F.E. and F.O. Stanley not only designed what was arguably the most practical steam powered carriage of the early automobile era, the twins innovated across multiple engineering and scientific disciplines. Already having invented and patented in 1876 what we today call the air brush followed up by inventing and patenting in 1886 a machine to apply photographic emulsion to glass plates, they worked on a self-propelled railroad passenger coach of which only a prototype was constructed after having been granted nearly a dozen patents for a steamcarriage.

Steam had been applied to flying vehicles long before it was applied to the automobile. In 1852 a 3-horsepower steam engine powered an airship over the skies of Paris making it the first self-propelled, heavier than air vehicle. Twenty-two years later, a steam powered monoplane flew however it had to be launched from a high hill. Once flying it could never gain sufficient forward airspeed to rise in the air and thus the flights are better described as powered, controlled-flight landings. It would not be until the early 1930s that a true steam powered airplane flew using a Besler brothers, compound steam engine designed in conjunction with the Doble brothers. The 90-horsepower rated engine consumed 1,130 PSI steam. Reaching speeds of 100 miles per hour, the aircraft could change altitude at will.

The Stanley twins did experiment with applying their steam engine principles to at least one other form of transport vehicle. What was this vehicle?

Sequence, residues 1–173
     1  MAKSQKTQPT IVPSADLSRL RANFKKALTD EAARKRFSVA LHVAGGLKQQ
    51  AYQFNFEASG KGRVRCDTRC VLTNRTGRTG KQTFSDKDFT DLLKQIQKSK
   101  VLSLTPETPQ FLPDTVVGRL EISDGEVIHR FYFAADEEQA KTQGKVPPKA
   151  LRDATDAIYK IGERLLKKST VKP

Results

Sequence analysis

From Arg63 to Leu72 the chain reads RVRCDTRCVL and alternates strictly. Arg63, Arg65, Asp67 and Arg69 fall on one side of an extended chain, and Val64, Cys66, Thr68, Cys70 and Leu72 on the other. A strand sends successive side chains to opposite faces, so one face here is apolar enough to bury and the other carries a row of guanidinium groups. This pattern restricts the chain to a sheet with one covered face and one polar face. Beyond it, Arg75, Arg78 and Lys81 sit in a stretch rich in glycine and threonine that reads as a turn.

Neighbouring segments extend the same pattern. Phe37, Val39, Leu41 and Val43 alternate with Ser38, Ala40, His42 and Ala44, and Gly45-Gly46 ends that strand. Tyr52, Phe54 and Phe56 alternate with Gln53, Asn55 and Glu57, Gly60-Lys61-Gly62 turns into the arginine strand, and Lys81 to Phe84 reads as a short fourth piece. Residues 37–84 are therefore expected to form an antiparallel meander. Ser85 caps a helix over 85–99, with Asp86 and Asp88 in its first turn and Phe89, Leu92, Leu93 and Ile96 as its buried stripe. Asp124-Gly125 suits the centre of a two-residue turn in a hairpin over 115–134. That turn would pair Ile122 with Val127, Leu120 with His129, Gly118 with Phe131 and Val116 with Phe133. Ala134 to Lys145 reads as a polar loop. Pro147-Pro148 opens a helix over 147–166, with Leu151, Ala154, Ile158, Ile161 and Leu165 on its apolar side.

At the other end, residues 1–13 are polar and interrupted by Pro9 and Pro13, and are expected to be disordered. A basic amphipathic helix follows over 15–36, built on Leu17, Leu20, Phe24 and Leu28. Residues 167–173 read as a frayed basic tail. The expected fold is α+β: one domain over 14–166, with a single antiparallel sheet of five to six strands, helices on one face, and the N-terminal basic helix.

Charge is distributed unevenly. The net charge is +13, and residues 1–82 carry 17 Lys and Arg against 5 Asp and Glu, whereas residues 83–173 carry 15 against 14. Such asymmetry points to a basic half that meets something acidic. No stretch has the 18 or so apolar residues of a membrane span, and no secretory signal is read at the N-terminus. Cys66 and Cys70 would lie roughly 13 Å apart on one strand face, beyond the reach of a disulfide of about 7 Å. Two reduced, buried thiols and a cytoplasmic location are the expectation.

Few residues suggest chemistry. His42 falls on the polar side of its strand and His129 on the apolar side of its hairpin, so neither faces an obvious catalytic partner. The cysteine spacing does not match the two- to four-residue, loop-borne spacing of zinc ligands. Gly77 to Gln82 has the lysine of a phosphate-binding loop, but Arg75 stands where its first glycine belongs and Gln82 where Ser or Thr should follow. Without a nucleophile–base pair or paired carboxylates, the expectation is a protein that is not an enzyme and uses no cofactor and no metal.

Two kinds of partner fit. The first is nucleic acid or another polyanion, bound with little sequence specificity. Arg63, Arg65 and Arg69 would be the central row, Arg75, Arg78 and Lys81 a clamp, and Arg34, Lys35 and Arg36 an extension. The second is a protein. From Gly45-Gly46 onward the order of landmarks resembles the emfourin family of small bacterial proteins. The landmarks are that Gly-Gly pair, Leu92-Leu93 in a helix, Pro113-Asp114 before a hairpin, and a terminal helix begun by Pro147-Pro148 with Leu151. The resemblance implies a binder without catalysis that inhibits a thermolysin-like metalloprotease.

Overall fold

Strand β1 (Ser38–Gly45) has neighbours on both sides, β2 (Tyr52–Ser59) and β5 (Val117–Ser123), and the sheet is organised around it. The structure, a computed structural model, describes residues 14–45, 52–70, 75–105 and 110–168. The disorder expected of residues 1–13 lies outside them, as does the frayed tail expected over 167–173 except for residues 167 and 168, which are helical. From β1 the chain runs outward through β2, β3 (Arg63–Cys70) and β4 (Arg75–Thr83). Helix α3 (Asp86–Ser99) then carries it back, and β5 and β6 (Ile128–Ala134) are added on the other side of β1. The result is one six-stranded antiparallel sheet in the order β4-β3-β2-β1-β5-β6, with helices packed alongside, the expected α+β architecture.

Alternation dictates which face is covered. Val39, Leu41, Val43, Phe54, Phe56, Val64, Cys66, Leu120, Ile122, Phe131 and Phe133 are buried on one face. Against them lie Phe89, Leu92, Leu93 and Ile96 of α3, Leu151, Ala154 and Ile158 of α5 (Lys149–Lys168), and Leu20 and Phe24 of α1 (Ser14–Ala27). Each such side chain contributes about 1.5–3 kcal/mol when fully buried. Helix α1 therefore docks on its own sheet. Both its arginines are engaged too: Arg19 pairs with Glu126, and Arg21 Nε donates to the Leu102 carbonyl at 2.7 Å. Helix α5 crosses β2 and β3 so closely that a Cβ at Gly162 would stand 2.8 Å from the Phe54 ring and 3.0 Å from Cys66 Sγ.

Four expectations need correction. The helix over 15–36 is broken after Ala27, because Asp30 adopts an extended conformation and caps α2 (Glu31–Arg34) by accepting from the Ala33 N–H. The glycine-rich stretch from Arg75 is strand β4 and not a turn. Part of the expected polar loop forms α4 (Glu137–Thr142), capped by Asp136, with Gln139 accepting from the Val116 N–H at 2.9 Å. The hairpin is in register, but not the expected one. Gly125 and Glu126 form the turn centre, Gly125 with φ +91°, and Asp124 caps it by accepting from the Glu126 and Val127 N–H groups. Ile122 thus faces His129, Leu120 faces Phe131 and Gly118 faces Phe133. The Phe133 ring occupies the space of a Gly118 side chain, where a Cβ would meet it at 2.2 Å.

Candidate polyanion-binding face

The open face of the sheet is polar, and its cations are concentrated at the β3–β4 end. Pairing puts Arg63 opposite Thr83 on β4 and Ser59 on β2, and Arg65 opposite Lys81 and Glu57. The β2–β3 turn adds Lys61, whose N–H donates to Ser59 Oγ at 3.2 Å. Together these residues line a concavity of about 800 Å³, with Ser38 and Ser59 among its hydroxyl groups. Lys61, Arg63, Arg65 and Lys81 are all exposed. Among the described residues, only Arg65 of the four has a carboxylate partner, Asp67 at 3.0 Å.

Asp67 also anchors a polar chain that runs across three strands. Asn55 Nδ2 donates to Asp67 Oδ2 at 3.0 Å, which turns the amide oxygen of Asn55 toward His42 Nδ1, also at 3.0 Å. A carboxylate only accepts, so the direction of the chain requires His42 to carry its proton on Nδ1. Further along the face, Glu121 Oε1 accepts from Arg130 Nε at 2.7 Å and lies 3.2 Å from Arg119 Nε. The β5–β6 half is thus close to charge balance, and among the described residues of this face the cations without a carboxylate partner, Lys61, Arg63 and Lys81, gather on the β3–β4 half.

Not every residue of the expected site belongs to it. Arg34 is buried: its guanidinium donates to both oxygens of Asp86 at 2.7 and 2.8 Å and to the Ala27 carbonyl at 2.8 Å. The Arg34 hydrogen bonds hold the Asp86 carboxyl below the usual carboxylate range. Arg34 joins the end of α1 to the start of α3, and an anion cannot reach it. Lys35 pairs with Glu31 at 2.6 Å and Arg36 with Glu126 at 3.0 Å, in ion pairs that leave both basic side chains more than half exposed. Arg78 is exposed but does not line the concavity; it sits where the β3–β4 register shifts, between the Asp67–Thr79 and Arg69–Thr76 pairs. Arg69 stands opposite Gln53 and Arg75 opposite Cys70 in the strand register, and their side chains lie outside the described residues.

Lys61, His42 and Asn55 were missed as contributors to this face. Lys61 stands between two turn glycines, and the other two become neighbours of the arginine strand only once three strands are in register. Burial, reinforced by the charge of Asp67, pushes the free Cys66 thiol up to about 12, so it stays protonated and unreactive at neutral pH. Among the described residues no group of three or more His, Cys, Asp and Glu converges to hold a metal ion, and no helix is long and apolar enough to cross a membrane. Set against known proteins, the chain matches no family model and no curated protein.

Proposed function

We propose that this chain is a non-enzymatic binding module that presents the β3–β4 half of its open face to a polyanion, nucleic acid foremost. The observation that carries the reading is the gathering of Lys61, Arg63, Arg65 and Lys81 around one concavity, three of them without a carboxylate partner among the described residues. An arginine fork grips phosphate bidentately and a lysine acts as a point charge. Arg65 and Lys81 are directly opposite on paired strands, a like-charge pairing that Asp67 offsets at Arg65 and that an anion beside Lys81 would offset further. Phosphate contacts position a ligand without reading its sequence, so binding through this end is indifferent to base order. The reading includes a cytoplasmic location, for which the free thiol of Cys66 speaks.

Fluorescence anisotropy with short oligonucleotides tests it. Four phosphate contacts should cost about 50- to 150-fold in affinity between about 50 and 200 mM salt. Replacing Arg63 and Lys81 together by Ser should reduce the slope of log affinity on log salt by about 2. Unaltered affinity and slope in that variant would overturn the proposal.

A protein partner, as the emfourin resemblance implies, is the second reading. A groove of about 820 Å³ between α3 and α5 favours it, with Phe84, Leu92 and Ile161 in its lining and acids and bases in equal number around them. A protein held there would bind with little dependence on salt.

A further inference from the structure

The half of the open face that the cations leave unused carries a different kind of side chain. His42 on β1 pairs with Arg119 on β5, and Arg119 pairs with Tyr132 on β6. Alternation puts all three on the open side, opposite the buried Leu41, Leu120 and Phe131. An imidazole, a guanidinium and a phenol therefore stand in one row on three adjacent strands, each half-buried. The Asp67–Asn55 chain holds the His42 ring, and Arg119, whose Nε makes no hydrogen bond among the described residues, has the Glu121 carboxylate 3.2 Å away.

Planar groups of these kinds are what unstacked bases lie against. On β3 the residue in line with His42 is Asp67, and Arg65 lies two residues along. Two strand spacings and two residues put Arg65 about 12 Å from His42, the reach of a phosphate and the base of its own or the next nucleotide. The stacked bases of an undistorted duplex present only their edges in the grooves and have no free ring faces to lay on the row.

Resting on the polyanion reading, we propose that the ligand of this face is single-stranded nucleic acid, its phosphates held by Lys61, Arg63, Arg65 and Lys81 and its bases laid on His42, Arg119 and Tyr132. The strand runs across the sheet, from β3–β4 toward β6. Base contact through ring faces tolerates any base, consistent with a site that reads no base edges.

This season’s special display in the Marshall Steam Museum for 2024 is titled “Bikes, Trikes, & Tandems”. We will not reveal all the great bicycle themed displays on exhibit in the museum this summer but invite you to visit and explore the display during our Steamin’ Days in 2024.

The first successful marriage of a light-weight steam engine to a bicycle frame occurred in 1867 when Sylvester Howard Roper (Born – November 24, 1823, Francestown, New Hampshire; Died – June 1, 1896, Cambridge, Massachusetts) married a boiler, steam engine, and bicycle together to form what was called a “motocycle” (right photo below). Roper attached a twin-cylinder steam engine to a forged-iron and hickory velocipede (as bicycles were called back then) frame. Roper’s bike, which rolled on iron-shod wooden wheels, had a 49″ wheelbase. He affixed one steam cylinder of 2-1/4″ bore by 2-1/2″ stroke to either side of the frame behind the seat and connected the piston rods to cranks on the rear wheel axle. Solid wheels made for a very uncomfortable ride.

A firebox and boiler were suspended on springs from the frame between the wheels. The exhaust steam from the cylinders, carried by tubing into the base of the chimney, provided forced draft to a short chimney projected up from behind the saddle seat. A charcoal fire heated the water to generate steam to power the engine. Water was supplied from a reservoir that was part of the seat using a feed-water pump powered from the engine. Interestingly Roper’s invention anticipated many modern motorcycle features including the use of a twisting-handgrip to serve as a throttle control. A cable attached to a handgrip on the handlebars operated the throttle valve as well as the brakes.